Objectives of the course:
The objective of this course is to introduce participants to the details of communication and writing scientific publications. The main emphasis is on the most common form, the “primary scientific paper”, but other forms will be covered. Matters related to oral presentations, poster preparation and proposal writing will also be discussed. Thus participants will become familiar with the forms of presenting new findings to various scientific forums.
Please note that the main focus of this course is on how to structure a scientific text, i.e. the rules and requirements, building up the actual text, presenting findings, etc., and not very much on the actual language, i.e. grammar, vocabulary, language structure, etc. The latter will only be touched briefly upon.
Learning outcomes and competences:
At the end of the course the student should be able to:
- Judge and decide about the appropriate form and forum for their work
- Evaluate potential publication forums
- Write a scientific manuscript that conforms to the rules and requirements
- Analyse their presentation efficiency and improve it in their written work
- Deal with scientific editors, and others involved in the scientific publishing process
- Prepare and present effective oral presentations and posters
This course can have recognition of 6 ECTs for FCUL PhD students enrolling in it as part of their first doctoral year. For FCUL PhD students only requiring 5 ECTs recognized in their specific PhD programs the last 6 hours of the course are not mandatory and the certificate will be on ‘Topics in Scientific Writing and Communication’. For FCUL PhD students requiring credits additionally to the exercises done during the week the delivery of a written report done after the course is mandatory, to deliver during the weeks after the course.
Minimum formation of students: This course does not require previous publishing experience or material waiting to be published, but aspiring authors, PhD and MSc students will benefit most from it.
Master or PhD students; PhD students in the phase of writing or preparing to write would benefit most from this course. MSc students can sign up if places remain available.
- The current structure of scientific literature, the basics of scientometrics, the main features of the scientific information ‘industry’, how to decide where to publish
- The different parts of a primary scientific paper and how to write them
- The publication process (manuscript preparation, submission, dealing with editors, technical editing and printing)
- Requirements of grammar and style
- Principles of preparing figures and tables
- Oral presentations: preparation and delivery, poster preparation, conference participation
Type of course/teaching methods:
Lectures, exercises, group discussions
Gastel B, Day RA 2016. How to write and publish a scientific paper. 8th ed. Cambridge Univ. Press
Cargill M, O’Connor P 2009. Writing scientific research articles. Wiley-Blackwell
Participants have to be present at 80% of the lectures (this means that you can miss two half-days), and actively participate in the group discussions and exercises. Additionally, participants have to complete four written assignments.
Pass/fail on the basis of attendance, activity, and appropriately prepared assignments, such as (exact exercises to define during the course):
1. On the basis of an abstract of a published paper, analyse and if necessary, modify the title.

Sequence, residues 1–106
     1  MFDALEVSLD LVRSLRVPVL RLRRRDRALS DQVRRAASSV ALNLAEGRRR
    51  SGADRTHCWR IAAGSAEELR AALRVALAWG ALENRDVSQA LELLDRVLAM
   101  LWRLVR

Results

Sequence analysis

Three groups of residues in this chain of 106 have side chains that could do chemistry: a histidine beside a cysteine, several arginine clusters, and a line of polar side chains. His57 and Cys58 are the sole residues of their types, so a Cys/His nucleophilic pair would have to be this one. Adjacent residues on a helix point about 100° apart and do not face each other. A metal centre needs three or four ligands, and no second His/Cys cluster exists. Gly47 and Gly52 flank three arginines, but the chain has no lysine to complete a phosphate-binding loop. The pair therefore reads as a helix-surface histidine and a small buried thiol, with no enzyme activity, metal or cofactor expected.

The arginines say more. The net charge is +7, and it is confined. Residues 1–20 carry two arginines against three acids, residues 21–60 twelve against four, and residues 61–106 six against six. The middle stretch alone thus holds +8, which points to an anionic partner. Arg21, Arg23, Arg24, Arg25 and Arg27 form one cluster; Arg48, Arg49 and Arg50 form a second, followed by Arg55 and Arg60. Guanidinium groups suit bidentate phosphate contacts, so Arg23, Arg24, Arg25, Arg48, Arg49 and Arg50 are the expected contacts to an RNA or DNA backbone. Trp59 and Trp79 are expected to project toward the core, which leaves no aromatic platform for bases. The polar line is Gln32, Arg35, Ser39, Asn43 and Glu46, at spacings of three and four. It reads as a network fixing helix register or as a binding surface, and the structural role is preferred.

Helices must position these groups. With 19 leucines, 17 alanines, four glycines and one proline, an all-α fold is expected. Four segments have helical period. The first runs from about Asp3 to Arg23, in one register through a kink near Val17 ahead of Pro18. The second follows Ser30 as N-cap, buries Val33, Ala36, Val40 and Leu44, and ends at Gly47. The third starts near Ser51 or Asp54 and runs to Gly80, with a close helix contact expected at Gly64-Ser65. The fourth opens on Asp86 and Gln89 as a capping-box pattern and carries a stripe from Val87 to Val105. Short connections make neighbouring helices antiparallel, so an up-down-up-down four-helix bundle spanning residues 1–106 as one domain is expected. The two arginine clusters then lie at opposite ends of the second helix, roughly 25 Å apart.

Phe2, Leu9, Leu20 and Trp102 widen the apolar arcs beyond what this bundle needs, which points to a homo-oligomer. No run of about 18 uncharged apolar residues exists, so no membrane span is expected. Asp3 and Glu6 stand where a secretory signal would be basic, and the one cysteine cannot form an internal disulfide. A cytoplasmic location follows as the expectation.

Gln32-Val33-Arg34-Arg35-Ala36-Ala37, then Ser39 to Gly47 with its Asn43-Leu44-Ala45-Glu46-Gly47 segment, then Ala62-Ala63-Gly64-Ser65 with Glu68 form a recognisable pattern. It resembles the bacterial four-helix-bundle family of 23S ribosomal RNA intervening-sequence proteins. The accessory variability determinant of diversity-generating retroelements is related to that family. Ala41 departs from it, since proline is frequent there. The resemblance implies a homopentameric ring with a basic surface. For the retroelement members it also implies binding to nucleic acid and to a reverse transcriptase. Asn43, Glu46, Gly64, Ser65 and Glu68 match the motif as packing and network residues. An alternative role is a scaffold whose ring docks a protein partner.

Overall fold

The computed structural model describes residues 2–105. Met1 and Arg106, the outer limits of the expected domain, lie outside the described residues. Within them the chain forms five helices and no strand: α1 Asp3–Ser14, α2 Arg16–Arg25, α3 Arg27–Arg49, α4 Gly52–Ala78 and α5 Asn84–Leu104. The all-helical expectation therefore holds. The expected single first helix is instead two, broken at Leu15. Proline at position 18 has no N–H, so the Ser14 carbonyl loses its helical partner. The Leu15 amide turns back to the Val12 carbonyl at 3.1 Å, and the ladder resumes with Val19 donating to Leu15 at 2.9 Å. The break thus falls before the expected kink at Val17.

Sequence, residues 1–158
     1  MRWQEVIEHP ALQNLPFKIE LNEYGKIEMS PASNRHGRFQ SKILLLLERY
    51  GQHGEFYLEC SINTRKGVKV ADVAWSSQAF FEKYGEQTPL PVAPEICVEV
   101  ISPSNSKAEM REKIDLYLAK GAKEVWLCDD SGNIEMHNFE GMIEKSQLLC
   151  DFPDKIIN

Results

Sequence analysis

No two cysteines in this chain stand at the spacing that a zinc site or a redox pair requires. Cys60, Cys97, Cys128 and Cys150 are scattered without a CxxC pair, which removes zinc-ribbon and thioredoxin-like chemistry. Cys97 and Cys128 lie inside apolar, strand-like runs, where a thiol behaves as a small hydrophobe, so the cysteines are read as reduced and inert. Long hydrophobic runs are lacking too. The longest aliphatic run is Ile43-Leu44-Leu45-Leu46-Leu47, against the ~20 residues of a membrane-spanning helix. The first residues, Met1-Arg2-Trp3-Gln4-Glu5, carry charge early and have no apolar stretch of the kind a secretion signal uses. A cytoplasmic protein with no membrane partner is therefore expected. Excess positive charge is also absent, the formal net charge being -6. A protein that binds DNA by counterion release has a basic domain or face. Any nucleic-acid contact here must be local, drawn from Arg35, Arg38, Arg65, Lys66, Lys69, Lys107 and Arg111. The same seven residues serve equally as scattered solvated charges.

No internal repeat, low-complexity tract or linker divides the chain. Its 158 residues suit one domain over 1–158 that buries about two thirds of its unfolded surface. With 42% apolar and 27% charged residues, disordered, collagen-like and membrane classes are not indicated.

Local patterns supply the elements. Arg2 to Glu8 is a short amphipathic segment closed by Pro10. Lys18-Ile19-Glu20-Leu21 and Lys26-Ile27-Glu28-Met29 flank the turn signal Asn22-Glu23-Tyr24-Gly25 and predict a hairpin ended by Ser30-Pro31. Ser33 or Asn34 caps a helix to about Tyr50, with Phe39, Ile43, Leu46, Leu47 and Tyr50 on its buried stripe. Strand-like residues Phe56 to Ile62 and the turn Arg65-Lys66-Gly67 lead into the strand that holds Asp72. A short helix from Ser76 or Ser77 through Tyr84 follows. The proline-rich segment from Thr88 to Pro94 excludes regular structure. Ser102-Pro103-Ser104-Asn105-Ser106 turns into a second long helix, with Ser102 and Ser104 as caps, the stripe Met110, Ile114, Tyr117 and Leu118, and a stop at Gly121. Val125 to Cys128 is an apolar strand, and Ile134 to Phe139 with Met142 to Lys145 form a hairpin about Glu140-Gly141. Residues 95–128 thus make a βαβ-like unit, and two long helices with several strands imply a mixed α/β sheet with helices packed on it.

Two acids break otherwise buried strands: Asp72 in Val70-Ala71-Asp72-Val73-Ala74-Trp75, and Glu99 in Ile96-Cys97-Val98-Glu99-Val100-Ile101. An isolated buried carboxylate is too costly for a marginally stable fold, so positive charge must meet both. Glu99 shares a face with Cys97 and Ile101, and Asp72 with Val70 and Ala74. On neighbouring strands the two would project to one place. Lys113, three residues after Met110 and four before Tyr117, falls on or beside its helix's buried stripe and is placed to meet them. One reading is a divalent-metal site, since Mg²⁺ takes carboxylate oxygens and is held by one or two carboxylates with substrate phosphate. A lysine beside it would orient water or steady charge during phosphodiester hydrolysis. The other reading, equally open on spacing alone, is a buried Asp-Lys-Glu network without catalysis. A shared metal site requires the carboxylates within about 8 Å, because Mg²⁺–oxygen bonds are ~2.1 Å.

2. Write a max. 2 page evaluation of a summary of a published paper or conference abstract.
3. Write an analysis of a published figure.
4. Prepare and send a larger piece of (your own) work, either a major part of a manuscript: an introduction, material & methods section, results, discussion AND at least one figure designed by yourself, complete with title/caption. You can send more, also a complete manuscript, or a poster (electronically).
Free for 1st year PhD students of FCUL enrolling in it as part of the curricular year or as part of the PhD Support programme; also free for 1st year PhD students in the Doctoral program Biodiversity, Genetics and Evolution (UP) and Biology and Ecology of Global Changes (UA) when the course counts credits for their formation; in all these cases the delivery of a final report done after the course is mandatory; 50 € for more advanced PhD students of cE3c; 80 € for PhD students of the PEERS network (CFE); 125 € for FCUL Master students, more advanced PhD FCUL students and unemployed (not from cE3c); 180 € for BTI, BI and other PhD students; 250 € for Professional and postdocs.
When the maximum number of students is reached 10 vacancies will be available for non-paying 1st year PhD students mentioned above, being, by order of preference: 1) cE3c students; 2) FCUL students (not from cE3c); 3) BIODIV students (not from cE3c); 4) BEAG students (not from FCUL).
Candidates should send a short CV and motivation letter explaining why they are interested in the course, including a brief description of their research projects. Send all information and requests to Gabor Lövei (email@example.com) with cc to Margarida Matos (firstname.lastname@example.org).The cv and letter should be named as 1st-lastNAME-CV.pdf and 1st-lastNAME-ML.pdf (that is personalize the name of each file with your first and last name).
In the email please add the following information:
Professional activity: Professional/Postdoc, BTI, BI (or other non-post-doc research grant), PhD student (with/ without scholarship), Lic. (Bachelor)/Master student
PhD student of the 1st year of Doctoral programme BIODIV (FCUL/FCUP), Biologia (FCUL) or BEAG (FCUL or UA)?:
If yes to the above question, PhD student doing the Course to count credits for 1st year?:
PhD student of cE3c or CEF (Centro de Ecologia Funcional):?
If PhD student from another programme/centre, which: